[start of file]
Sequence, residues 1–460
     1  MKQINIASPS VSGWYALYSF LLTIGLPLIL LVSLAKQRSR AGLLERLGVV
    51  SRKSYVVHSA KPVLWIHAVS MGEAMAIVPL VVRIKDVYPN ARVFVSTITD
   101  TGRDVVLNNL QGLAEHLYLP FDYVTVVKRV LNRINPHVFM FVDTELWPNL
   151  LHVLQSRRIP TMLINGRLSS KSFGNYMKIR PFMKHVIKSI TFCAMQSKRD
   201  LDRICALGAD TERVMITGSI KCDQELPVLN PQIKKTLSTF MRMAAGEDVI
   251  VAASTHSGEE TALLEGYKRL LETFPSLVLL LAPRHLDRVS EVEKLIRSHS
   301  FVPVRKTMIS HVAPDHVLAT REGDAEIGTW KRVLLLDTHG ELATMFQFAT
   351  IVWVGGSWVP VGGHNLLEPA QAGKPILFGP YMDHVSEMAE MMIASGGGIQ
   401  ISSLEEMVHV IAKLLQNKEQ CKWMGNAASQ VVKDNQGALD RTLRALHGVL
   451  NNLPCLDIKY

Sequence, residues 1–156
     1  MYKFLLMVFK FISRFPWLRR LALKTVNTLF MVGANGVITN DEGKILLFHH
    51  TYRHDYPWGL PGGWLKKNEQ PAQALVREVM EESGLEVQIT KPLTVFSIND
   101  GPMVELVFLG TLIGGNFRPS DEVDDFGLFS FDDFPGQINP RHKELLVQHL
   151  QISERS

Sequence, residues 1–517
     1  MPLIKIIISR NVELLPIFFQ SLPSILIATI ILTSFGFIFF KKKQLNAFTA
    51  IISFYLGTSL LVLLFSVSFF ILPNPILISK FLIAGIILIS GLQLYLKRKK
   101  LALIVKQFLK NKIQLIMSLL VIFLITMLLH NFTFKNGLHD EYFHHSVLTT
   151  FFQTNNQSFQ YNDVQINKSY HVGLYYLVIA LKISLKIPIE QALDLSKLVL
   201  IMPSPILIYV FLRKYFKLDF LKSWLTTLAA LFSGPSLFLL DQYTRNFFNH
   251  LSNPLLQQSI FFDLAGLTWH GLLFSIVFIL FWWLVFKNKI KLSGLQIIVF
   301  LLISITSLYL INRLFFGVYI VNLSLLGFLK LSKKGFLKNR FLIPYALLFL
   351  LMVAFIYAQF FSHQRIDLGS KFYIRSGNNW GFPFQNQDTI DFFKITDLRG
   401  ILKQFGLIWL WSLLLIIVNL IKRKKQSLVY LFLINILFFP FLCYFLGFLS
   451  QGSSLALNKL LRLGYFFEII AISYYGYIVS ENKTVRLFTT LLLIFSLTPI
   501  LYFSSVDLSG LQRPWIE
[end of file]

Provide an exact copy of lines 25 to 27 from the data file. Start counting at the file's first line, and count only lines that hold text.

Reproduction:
   351  LMVAFIYAQF FSHQRIDLGS KFYIRSGNNW GFPFQNQDTI DFFKITDLRG
   401  ILKQFGLIWL WSLLLIIVNL IKRKKQSLVY LFLINILFFP FLCYFLGFLS
   451  QGSSLALNKL LRLGYFFEII AISYYGYIVS ENKTVRLFTT LLLIFSLTPI